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Promise Hightower
 

Hello, my name is Promise Hightower.  I started going to Godby High School in 9th grade, and my whole life when I was in high school was pretty much a secret from my parents – drugs and drinking and everything.  They didn’t really know anything about it.

My senior year something happened and they found out everything.  And so instead of sticking and cleaning up and making myself better I just decided to run and move to Georgia with my big sister, and just continue to live the life I wanted to live. 

Got into more trouble up there and ended up having to move out of her house and move in with a friend from school, and really just running as hard as I could from God.  And when I say running like I really…like every time I did something wrong, in the back of my mind I was sitting there thinking, you know, why am I doing this?  What am I doing? 

But at the time I was just making decisions that I knew weren’t right and I knew that I shouldn’t have been doing and that I knew were hurting my family and everybody else around me.  But at the time I was just, you know, being selfish and doing what I wanted to do.

My parents were actually on a Daniel Fast, and everyday my mom would get up and pray, you know, “God I want her home.  I want my daughter home.  Bring her home.” 

And down to the very, like, hour that they finished the fast, her and my dad were sitting praying.  I was just sitting watching TV with my friend and, nothing special, just sitting there.  And all of a sudden I just started crying and the power of God hit me, and all I could do was cry. 

And I called my mom.  And I had been talking with her every now and then while I was up there, and it wasn’t really an option for me to come home because I have a younger brother and a younger sister that they didn’t want me to influence on the decisions I was making.

I called my mom and I was crying and she was just like, you know, “Of course, we’ll be there.”  She was like, “If you only knew the prayers that were prayed, like, to the very hour.”

And I came home, and it was tough at first because I had been used to doing things on my own and not having the rules and things that my parents wanted me to do.  But I soon found that as long as I continued to do things the right way and to pray and ask God to help me that it got easier and easier and easier, eventually to where it wasn’t even an issue anymore.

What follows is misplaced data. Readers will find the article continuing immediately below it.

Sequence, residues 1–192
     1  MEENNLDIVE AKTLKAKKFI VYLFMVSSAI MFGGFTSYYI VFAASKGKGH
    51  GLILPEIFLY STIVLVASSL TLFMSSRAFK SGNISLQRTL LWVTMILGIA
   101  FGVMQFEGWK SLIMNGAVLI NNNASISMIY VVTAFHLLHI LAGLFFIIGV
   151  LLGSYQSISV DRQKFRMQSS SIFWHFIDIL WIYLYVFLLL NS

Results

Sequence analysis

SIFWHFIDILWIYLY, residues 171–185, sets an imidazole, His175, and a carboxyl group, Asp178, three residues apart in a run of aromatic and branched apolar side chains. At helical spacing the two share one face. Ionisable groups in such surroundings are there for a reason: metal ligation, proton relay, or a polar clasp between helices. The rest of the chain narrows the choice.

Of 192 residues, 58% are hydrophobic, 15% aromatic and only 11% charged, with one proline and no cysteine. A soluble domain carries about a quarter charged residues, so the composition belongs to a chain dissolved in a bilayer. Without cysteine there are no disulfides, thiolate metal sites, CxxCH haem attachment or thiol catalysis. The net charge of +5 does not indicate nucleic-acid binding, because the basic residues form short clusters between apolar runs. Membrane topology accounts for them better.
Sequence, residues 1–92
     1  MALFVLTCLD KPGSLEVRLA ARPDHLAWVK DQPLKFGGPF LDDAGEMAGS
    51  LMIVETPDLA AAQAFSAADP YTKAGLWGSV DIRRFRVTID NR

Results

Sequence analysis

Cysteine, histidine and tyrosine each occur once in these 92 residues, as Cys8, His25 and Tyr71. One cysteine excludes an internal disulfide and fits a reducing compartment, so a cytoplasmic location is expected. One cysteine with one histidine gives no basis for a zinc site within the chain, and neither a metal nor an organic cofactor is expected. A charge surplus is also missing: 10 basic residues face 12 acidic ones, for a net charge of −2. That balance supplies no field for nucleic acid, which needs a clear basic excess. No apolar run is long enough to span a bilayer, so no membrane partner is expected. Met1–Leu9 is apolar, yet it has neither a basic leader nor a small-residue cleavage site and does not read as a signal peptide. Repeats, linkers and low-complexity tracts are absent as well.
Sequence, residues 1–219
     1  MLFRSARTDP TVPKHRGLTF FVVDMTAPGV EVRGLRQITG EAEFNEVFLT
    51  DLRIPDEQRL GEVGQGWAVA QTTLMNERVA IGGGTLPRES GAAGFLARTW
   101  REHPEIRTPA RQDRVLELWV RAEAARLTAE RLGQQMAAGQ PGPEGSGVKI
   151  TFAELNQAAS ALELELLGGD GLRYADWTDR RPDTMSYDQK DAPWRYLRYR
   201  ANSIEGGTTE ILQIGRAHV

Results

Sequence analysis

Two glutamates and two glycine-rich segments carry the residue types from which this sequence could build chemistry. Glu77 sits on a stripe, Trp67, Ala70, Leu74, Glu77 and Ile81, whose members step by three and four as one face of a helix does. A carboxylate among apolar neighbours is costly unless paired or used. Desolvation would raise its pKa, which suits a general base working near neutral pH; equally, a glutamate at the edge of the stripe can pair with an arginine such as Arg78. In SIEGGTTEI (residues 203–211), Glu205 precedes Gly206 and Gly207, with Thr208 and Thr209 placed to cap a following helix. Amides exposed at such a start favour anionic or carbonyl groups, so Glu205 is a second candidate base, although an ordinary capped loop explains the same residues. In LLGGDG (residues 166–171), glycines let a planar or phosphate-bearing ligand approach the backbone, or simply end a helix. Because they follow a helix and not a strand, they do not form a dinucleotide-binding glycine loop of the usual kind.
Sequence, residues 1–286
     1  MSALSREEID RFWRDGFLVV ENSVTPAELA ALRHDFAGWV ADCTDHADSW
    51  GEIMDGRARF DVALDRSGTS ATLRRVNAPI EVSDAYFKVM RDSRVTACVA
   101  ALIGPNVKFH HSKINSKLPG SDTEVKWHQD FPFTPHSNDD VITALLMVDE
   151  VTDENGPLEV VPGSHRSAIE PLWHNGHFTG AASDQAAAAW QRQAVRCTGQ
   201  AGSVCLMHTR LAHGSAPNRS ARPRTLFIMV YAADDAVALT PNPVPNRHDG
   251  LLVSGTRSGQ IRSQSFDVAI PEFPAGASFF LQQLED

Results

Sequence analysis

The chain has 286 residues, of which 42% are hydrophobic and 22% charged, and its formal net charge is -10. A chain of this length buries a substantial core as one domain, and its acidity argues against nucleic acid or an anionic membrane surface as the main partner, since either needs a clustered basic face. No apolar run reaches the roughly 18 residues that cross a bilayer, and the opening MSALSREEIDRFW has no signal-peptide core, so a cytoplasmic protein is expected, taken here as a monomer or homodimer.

God completely took the desire for drugs and alcohol and cigarettes, everything away from me.

I wasn’t supposed to graduate.  When I came back they…I had all the credits and all the classes that I was supposed to take but I didn’t have enough days as far as attendance goes.  I was mad because the reason that I couldn’t do it was because of me and the decisions that I had made. 

I kept saying to myself I shouldn’t have went to Georgia.  I never should have did that.  I just ruined everything, and now I’m not going to be able to walk for graduation.  They were telling me I had to wait until the next year and go six months and then I could graduate in that December. 

I was talking to my dad one day and I was just crying and I was like, “Dad, you know this isn’t what I want.”  And my dad was like, “Well, you know, just pray.”

And I didn’t even know he was doing this.  He was on the phone with Bill Montford the superintendent, and they kept telling him, “No, this is a law, we can’t pass it.”  And every time he’d hang up that phone he’d pray even harder.  On the third day they told him no again and he was driving in his work van and he pulled over and he just prayed and he was like, “God this is not…Your word says that you will give us the desires of our hearts.”  And he said, “God I know…I don’t want to see her have to go…she knows she made mistakes.  She knows she did wrong.  She’s asked for your forgiveness and Lord, we just need you to come through.”

And Bill Montford called his cell phone back and was like, “Mr. Hightower, I don’t know why I’m doing this but I’m going to sign the waver and we’re going to wave this and let her walk.”

I will never forget that day!  I walked in from work and my dad was sitting at the kitchen table, and there was a couple family friends that had came over, and it was pretty random because they weren’t usually there.  My dad sat me down and he was like, “I made some phone calls and I just wanted you to know that Bill Montford signed a waver and they’re going to let you walk at graduation.”

I had already come to grips with the fact that I wasn’t going to be able to.  I went to the graduation banquet at church and it was all good and it was fun but in the back of my mind it was just like my stomach was turning because I knew I wasn’t going to walk.

And so my dad, when he said that, oh my goodness!  I just busted out crying, and went to my room and I was just like, all I could do was pray and, you know, thank God.  Like that was the best feeling in the world, walking down the graduation aisle and shaking Bill Montford’s hand and getting that diploma.  I don’t think there was anybody there that was more happy than I was that day. 

And more so the fact of, like, praise God I got to walk, you know, that He’s the only reason why I was able to do what I did.  It really did a lot.  It did a lot for our family.  It brought us a lot closer, ‘cause we all kind of grouped together and prayed.  It was really good for my brother and sister, too.  They got to see how God worked in the situation, and it was really good. 

 
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